The views of this article are the perspective of the author and may not be reflective of Confessions of the Professions.
First impressions can have a lasting impact on people. When it comes to any type of social encounter, from job interviews to business meetings and networking events, leaving a good first impression will most definitely help you to excel. Exhibiting positive body language, like greeting someone with a firm handshake and maintaining eye contact, as well as ensuring your physical appearance is up to scratch, are key points to consider if you want to make a good first impression.
To find out exactly how first impressions are formed, what are the common types of body language and what do they mean, and what type of information people remember the most – oral or visual – check out our infographic below. It will provide you with interesting facts and figures around the area of first impressions and body language and importantly, help you to become a master of first impressions for job interviews or any other type of important first-time social encounters. Make a good first impression and leave an impact with our insightful infographic.
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The Power of First Impressions
First impressions are crucial. From what you wear to what gestures you make, be assured, that people will take note. In fact, studies have found that non-verbal cues have over four times the impact on the impression you make than anything you say.
Quick States on First Impressions
First impressions are formed within 7 to 17 seconds of meeting someone.
During face-to-face meetings, 93% of people’s judgments of others are based on non-verbal input like body language.
In a survey of 2,000 managers, 33% claimed to know whether or not they would hire someone within 90 seconds.
In a study, researchers identified 5,000 distinct hand gestures in humans.
38% of a person’s first impression is determined by tone of voice.
What Information Do People Remember?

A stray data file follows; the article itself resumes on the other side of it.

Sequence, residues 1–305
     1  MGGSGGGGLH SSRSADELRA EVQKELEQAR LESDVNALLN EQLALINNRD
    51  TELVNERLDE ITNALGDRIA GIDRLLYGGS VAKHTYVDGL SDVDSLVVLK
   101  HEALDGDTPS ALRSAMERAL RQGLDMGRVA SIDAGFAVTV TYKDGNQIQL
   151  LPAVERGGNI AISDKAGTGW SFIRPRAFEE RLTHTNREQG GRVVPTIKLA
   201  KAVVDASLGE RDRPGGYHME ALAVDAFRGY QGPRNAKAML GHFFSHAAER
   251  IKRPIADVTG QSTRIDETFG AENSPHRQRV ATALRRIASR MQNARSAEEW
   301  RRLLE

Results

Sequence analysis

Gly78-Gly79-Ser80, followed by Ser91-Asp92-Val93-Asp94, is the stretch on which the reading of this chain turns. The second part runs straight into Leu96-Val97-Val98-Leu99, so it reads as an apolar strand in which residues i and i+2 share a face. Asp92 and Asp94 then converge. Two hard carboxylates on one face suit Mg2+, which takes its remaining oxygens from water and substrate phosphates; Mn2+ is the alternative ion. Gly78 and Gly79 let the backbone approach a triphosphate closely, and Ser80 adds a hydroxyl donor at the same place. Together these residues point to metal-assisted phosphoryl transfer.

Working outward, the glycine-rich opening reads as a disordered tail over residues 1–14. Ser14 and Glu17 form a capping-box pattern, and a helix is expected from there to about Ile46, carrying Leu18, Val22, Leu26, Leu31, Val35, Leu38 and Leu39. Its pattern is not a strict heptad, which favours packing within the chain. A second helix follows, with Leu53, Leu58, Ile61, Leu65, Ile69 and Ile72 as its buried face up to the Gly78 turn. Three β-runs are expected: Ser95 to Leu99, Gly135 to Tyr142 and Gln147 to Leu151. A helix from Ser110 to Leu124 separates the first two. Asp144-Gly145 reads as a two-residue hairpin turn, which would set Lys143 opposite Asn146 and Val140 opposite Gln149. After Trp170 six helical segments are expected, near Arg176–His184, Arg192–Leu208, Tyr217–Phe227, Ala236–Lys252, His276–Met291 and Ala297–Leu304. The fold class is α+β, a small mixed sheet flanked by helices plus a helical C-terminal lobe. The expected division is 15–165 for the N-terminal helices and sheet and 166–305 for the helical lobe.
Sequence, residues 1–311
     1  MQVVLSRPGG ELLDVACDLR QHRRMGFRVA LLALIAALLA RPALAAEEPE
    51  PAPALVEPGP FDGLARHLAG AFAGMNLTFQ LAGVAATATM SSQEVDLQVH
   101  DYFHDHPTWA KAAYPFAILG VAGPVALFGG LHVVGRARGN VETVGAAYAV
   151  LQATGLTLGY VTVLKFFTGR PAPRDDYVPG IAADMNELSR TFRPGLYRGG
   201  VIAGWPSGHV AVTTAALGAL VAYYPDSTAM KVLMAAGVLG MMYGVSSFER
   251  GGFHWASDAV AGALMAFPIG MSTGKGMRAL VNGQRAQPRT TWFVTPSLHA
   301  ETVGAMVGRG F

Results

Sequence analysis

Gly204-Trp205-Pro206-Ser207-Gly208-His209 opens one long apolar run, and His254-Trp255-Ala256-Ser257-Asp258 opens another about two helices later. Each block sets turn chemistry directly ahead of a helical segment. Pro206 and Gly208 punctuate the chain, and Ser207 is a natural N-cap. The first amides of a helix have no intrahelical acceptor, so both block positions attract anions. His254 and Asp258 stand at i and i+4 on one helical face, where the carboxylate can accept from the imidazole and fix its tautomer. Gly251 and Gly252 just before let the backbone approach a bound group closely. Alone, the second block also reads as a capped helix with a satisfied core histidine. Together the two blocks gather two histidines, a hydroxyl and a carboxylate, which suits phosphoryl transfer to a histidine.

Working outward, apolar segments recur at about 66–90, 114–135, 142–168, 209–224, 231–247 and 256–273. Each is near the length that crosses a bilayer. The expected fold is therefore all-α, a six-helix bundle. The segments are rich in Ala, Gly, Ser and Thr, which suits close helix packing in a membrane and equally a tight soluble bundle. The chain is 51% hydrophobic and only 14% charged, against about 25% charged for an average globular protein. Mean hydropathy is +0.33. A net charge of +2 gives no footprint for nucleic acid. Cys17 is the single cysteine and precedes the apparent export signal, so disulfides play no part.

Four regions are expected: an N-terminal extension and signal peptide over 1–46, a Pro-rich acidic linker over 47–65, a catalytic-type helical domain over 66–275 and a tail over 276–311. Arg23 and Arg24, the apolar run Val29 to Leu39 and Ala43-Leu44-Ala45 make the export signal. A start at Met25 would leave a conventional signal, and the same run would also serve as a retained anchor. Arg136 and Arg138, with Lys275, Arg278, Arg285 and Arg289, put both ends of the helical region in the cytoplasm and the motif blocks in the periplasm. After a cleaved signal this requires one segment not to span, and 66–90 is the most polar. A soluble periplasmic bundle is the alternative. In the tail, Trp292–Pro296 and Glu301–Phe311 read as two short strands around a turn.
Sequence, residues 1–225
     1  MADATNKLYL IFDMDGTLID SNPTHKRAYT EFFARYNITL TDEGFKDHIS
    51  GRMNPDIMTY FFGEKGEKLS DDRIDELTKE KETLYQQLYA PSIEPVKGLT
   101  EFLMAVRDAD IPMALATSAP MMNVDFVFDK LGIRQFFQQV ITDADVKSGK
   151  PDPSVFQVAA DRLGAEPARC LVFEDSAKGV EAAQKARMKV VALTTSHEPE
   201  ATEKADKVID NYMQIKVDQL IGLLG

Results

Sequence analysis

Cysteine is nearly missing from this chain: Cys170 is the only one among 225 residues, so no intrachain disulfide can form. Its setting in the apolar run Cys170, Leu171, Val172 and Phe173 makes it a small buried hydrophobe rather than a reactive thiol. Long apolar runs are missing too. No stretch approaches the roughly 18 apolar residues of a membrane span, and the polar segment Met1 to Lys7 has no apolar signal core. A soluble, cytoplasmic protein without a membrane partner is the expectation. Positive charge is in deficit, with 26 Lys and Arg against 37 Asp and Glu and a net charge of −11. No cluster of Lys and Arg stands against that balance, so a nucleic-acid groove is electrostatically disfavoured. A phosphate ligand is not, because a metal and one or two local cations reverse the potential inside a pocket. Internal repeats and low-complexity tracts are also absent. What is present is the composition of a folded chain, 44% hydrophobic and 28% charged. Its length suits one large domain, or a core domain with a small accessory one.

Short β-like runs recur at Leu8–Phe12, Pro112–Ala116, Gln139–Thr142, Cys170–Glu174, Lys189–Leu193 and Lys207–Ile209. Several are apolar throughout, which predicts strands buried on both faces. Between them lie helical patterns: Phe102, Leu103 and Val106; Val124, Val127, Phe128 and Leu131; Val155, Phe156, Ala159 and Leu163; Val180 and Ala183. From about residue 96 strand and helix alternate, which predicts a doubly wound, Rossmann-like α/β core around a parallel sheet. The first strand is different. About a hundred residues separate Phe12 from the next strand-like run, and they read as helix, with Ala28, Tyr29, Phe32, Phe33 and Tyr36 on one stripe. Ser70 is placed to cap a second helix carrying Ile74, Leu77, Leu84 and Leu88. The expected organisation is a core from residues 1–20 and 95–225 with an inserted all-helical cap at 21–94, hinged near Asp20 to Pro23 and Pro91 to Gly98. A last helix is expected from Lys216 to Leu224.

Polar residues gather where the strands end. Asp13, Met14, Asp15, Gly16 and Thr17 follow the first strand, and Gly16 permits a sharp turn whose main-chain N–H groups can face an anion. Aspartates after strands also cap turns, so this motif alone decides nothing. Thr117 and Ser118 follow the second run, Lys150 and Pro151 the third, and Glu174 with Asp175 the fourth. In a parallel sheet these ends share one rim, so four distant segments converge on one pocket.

80% Oral & Visual
How Are First Impressions Formed?
The way you dress, act, and walk through the door. – 55%
The words you choose to say. – 7%
The quality of your voice, grammar, and confidence. – 38%
Types of Body Language and What They Mean
Positive / Open Body Language
Arched eyebrows – When we raise our eyebrows, it means we are contemplating what we’re listening to and that we’re mildly intrigued.
Direct eye contact – Means we’re interested, and that we’re focused on you.
Arms akimbo – Planting your hands with your thumbs backwards on your hips and elbows out in a “V” shape displays dominance and authority.
Mirroring – Mirroring someone’s body language means they’re interested in you and trying to build rapport.
Feet facing directly to the other person – It shows that we’re focused on the other person.
Negative / Closed Body Language
Squinting – When people see what they don’t like, feel threatened, or are unhappy, they squint their eyes.
Lowered head – Means you’re ashamed of something, shy, or have something to hide.
Blinking too much – Means we’re nervous or anxious.
Arms closed – Reserved, uncomfortable, or defensive.
Shaking your legs – Means you’re anxious, scared, or impatient.
Common Non-Verbal Mistakes Made During an Interview
*From a survey of 2,000 bosses (Courtesy of Classes and Careers)
26% Have a weak handshake
21% Play with their hair or touch their face
67% Fail to make eye contact
38% Don’t smile
21% Close their arms over their chest
33% Fidget too much
33% Have bad posture
9% Use too many hand gestures
Davitt Corporate Partners